This guide is an introduction to improving your skill at diagnosing customer-impacting issues. You'll be able to recover from application performance issues more quickly by following the procedures in this guide.
This guide is part of our series on observability maturity.
Here are some requirements and some recommendations for using this guide:
- New Relic observability coverage:
- Required: Service level management
- Recommended: Some experience with using New Relic APM, distributed tracing, NRQL querying, and log management UI
- Recommended: you've read these guides:
Before you start using this guide, it will help you to understand what you'll be learning. This guide will help you understand:
- How your business is impacted by improving your diagnstics skills.
- The operational key performance indicators used to measure success.
- How your end users perceive different types of reliability issues.
- The difference between the direct cause and the underlying root cause of a problem.
- The basic diagnostic steps for finding and solving problems, which includes:
- Defining the problem - creating a problem statement
- Finding the source of the problem
- Finding the direct cause of that problem
- Some performance problem categories (output performance, input performance, and client performance) and the New Relic features used to diagnose those problems (APM, synthetics, browser and mobile monitoring).
- How to use a problem matrix, which is a cheat sheet for understanding common problems and their likely sources.
Towards the end, we'll review some example performance problems, which should help you better understand these concepts.
The value to business is:
- Reduce the number of business-disrupting incidents
- Reduce the time required to resolve issues (MTTR)
- Reduce the operational cost of incident
The value to IT operations and SRE is:
- Improve time to understand and resolve
In 2014, Gartner estimated that the average cost of IT downtime was $5,600 per minute. The cumulative cost of business-impacting incidents is determined by factors like time-to-know, frequency, time-to-repair, revenue impact, and the number of engineers triaging and resolving the incidents. Simply put, you want fewer business-impacting incidents, shorter incident duration, and faster diagnostics, with fewer people needed to resolve performance impacts.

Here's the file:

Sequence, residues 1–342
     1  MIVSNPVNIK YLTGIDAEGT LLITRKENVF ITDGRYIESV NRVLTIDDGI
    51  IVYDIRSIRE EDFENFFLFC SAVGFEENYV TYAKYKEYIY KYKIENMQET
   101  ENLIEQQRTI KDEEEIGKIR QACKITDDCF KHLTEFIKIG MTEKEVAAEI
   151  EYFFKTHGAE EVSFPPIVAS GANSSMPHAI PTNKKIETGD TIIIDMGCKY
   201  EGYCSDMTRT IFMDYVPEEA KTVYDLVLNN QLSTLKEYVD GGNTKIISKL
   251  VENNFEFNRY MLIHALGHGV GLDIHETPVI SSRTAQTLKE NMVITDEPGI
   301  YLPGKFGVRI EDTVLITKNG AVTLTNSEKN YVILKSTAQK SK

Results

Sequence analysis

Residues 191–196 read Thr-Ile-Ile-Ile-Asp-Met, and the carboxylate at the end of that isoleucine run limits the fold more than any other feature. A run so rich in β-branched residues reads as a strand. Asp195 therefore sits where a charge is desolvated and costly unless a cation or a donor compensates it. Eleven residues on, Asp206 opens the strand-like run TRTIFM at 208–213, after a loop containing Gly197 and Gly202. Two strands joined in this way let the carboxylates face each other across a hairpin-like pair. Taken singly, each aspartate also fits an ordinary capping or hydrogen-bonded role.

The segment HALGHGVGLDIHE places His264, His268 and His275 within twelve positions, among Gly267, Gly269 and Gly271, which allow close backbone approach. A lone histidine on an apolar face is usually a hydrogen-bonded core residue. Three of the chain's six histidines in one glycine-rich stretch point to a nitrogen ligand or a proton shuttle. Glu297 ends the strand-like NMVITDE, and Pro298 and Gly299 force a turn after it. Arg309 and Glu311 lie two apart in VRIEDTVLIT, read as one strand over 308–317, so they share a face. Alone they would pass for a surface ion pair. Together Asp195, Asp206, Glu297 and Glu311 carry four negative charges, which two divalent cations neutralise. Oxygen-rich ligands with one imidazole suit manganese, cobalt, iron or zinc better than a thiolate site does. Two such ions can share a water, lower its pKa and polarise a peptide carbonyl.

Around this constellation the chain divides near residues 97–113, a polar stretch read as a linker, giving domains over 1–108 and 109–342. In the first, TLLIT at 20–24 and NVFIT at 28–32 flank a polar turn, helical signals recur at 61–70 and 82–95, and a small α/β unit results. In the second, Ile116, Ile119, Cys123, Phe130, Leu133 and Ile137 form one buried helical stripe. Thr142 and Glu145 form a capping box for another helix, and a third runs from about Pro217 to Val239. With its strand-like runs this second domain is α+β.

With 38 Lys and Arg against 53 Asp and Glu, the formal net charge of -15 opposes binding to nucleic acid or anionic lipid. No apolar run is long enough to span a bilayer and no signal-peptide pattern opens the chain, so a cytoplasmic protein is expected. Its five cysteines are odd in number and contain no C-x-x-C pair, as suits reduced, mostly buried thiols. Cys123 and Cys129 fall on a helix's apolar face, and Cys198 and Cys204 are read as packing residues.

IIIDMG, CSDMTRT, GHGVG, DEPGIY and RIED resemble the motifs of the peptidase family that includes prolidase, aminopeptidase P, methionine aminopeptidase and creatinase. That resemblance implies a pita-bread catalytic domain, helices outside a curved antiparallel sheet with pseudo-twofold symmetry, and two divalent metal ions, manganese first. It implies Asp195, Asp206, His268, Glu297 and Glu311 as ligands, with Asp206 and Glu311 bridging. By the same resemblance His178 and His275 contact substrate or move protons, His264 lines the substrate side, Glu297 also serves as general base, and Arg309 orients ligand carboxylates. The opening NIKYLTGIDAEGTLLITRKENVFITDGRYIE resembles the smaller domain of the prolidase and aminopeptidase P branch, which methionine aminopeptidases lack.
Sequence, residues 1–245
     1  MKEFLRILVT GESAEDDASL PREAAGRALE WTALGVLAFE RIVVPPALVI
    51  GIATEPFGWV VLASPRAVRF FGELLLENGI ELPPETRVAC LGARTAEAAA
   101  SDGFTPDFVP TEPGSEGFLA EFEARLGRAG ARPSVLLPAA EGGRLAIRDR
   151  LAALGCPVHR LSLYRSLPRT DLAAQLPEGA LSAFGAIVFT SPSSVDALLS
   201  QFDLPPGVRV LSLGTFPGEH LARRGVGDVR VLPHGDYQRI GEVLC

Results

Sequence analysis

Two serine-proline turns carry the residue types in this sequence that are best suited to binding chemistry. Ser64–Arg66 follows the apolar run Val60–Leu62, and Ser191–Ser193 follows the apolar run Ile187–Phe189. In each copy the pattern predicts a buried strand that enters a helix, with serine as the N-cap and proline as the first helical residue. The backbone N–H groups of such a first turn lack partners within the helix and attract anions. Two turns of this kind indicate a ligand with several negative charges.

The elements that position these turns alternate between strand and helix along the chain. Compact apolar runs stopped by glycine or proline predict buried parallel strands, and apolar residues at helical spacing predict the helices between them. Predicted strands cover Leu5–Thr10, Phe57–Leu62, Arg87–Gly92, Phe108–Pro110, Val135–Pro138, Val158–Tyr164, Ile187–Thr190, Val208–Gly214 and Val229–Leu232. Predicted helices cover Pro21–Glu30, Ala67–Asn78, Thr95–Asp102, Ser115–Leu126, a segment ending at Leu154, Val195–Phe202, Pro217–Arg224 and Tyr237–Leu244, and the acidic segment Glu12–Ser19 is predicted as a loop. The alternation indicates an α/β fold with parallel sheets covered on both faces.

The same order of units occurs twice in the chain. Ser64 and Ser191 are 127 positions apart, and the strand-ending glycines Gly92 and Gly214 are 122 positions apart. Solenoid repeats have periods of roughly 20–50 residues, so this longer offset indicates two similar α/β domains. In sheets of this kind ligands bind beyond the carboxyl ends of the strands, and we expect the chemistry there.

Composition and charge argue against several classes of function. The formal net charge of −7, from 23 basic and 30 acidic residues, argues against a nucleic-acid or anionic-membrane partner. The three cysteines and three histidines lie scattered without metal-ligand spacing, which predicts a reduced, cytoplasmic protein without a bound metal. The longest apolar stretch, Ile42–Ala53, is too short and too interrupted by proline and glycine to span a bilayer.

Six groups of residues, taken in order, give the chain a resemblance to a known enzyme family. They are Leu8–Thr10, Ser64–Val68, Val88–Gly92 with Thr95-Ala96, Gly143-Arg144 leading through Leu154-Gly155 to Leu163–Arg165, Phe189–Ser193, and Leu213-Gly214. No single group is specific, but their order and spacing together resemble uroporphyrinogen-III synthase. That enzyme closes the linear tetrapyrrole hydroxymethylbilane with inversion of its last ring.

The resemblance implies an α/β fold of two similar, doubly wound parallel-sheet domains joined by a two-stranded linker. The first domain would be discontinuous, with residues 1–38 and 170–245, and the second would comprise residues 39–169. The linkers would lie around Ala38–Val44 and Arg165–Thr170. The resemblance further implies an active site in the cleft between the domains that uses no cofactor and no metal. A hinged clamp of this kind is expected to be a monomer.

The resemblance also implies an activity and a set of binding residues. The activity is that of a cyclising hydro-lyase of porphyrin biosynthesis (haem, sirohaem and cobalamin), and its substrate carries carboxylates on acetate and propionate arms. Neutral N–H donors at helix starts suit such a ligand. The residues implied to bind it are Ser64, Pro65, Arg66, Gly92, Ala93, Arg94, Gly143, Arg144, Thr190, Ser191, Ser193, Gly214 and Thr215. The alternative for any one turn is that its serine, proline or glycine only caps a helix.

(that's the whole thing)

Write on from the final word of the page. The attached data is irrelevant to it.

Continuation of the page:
Ultimately, the business goal is to maximize uptime and minimize downtime where the cost of downtime is:
Downtime minutes x Cost per minute = Downtime cost
Downtime is driven by the number of business-disrupting incidents and their duration. Cost-of-downtime includes many factors but the most directly measurable are operational cost and lost revenue.
The business must drive a reduction in the following:
- number of business-disrupting incidents
- operational cost of incidents
The required operational outcome is to maintain product-tier service level objective compliance. You do this by diagnosing degraded service levels, communicating your diagnosis, and performing rapid resolution. But unexpected degradations and incidents always happen and you need to respond quickly and effectively.
In other guides in this series, we focus on improving time to know. In our Alert quality management guide, we focus on reactive ways to improve time to know, and in our Service level management guide we focus on proactive methods.
In the guide you're reading now, we focus on improving time to understand and time to resolve.
There are many metrics discussed and debated in the world of “incident management” and SRE theory; however, most agree that it is important to focus on a small set of key performance indicators.
The KPIs below are the most common indicators used by successful SRE and incident management practices.
How the customer perceives performance of your product is critical to understanding how to measure urgency, and priority. Also, understanding the customer's perspective helps to understand how the business views the problem, as well as understanding the required workflows to support the impacted capabilities. Once you understand the perception of the customer and the business, you can better understand what might be impacting the reliability of said capabilities.